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Mud Hunter

There are many reasons to compare and contrast current films with historical ones. One is to attempt to explain why some films have been spotlighted in place of a possible litany similar films. Another is to show the machinations of cinematic influence, or explore the persistence of repeated narratives throughout film history. And yet another is because it’s damn fun. Here at Criterion Files, we have (on a not-at-all-regular basis) compared recent films with relevant counterparts canonized in the cinephilic annals of the Criterion collection, including two Lincoln biopics, two iconic exercises of the close-up, and the overwhelming similarities between Pierrot le Fou and a certain beloved Wes Anderson film. But rarely has a crop of films released in a single season echoed the specific work of classic counterparts than the summer of 2013.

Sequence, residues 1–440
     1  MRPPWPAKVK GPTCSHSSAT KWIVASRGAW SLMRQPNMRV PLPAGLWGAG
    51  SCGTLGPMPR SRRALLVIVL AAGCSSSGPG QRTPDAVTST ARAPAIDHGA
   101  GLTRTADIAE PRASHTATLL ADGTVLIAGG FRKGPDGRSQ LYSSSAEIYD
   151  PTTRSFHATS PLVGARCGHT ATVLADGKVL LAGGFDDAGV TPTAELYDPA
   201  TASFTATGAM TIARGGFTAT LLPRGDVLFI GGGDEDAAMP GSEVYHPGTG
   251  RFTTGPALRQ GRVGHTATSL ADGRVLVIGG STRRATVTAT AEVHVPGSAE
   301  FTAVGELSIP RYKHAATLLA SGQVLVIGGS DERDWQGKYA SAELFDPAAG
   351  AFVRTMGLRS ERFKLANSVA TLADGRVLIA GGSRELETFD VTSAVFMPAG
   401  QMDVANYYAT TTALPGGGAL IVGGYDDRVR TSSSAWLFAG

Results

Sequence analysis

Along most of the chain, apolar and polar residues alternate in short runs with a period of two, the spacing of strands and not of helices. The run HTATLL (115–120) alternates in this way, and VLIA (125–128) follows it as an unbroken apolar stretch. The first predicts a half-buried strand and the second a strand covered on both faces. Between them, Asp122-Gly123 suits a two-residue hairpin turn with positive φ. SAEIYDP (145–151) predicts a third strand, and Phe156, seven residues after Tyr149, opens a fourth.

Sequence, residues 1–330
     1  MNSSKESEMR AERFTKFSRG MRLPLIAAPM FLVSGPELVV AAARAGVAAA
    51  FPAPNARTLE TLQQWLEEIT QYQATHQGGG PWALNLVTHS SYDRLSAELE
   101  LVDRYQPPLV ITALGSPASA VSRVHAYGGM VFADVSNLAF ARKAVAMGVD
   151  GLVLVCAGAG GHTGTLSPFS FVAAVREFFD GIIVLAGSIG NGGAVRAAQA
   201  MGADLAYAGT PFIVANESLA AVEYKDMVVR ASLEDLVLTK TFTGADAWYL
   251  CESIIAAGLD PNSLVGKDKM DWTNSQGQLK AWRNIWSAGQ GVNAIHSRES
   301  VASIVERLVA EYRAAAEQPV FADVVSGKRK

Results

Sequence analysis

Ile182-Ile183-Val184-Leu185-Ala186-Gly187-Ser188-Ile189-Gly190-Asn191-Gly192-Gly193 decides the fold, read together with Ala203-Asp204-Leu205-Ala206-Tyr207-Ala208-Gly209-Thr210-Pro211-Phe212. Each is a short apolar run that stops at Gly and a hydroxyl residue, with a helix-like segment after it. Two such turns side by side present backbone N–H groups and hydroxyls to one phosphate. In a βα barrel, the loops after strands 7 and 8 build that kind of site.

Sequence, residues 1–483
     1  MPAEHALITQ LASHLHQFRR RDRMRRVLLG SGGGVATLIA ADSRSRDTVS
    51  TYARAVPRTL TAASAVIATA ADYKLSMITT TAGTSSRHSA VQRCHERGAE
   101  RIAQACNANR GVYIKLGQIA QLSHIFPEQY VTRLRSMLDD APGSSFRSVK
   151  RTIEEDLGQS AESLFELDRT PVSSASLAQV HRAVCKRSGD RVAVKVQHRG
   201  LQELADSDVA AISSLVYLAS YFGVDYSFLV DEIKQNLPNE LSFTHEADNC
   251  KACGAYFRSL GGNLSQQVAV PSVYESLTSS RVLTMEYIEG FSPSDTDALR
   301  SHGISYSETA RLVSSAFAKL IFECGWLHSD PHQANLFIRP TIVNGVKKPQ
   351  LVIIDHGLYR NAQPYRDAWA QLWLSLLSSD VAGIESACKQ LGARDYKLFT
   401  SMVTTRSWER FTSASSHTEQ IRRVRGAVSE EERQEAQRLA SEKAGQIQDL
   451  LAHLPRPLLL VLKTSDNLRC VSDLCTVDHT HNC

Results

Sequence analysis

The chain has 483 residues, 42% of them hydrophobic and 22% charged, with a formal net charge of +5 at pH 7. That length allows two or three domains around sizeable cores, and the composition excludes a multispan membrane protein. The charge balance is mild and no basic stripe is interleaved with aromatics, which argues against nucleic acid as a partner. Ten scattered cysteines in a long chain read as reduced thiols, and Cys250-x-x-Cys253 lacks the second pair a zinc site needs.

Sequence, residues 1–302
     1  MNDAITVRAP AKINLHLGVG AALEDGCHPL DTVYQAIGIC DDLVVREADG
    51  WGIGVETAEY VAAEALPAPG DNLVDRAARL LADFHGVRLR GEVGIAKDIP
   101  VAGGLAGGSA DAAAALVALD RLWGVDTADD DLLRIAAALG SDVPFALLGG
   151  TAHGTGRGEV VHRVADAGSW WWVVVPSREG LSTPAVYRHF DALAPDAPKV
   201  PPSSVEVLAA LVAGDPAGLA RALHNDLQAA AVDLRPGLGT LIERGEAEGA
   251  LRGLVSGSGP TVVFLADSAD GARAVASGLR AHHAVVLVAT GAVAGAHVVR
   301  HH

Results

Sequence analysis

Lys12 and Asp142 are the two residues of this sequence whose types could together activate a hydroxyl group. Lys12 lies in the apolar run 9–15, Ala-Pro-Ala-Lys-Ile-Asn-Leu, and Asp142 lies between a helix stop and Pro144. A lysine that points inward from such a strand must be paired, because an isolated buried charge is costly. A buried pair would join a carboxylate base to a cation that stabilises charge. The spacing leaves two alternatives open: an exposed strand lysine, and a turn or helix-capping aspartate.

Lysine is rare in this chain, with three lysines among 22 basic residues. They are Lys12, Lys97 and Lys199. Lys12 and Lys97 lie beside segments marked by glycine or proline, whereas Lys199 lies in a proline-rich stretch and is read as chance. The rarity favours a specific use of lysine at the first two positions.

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Oscar 2013 Mid-Year

What kind of movies get released in January? In the summer? From November through December? Exactly. We know the cycle so well that a movie with only half a dozen explosions in June is considered counter-programming while Fall films are actively baiting golden statues and podiums. We know it so well that people predict the following year’s Oscars the day after the Oscars. We know it so well that the ceremony “shaking things up” has become the status quo. So I wondered what would happen if they truly shook things up by holding the Oscars in July. A kind of mid-year awards ceremony where The Weinstein Company hasn’t even brought out its heaviest hitters yet. This alternative universe isn’t necessarily about what movies are the best — because the Oscars almost never are. It’s about finding the close enough blend of prestige and popularity from the first half of the year, but make no mistake, it would still result in a wildly different list of nominees.

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The Bling Ring